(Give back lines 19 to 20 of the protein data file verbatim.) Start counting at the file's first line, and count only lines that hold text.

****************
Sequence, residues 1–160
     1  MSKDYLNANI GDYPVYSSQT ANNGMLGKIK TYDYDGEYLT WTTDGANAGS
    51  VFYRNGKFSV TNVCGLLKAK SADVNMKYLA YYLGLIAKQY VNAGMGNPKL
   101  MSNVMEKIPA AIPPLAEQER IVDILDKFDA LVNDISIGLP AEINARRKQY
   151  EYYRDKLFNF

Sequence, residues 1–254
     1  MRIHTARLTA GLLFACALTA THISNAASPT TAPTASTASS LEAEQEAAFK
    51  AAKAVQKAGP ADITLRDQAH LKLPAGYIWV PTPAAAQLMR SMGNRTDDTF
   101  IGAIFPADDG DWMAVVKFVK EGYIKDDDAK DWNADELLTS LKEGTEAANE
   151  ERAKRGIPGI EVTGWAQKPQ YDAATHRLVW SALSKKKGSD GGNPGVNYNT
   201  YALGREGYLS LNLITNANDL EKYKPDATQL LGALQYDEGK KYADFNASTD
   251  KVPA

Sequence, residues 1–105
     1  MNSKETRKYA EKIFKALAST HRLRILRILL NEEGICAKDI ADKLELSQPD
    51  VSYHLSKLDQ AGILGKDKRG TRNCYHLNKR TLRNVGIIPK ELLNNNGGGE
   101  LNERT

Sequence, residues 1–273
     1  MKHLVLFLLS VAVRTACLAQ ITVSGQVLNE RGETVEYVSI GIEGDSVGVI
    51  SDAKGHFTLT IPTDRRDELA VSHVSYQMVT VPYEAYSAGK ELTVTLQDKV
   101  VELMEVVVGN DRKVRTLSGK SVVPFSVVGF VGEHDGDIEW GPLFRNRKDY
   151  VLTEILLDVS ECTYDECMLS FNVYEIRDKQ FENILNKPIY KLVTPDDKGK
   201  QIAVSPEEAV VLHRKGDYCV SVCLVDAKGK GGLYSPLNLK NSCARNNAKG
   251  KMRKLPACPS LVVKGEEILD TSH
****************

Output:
    51  SDAKGHFTLT IPTDRRDELA VSHVSYQMVT VPYEAYSAGK ELTVTLQDKV
   101  VELMEVVVGN DRKVRTLSGK SVVPFSVVGF VGEHDGDIEW GPLFRNRKDY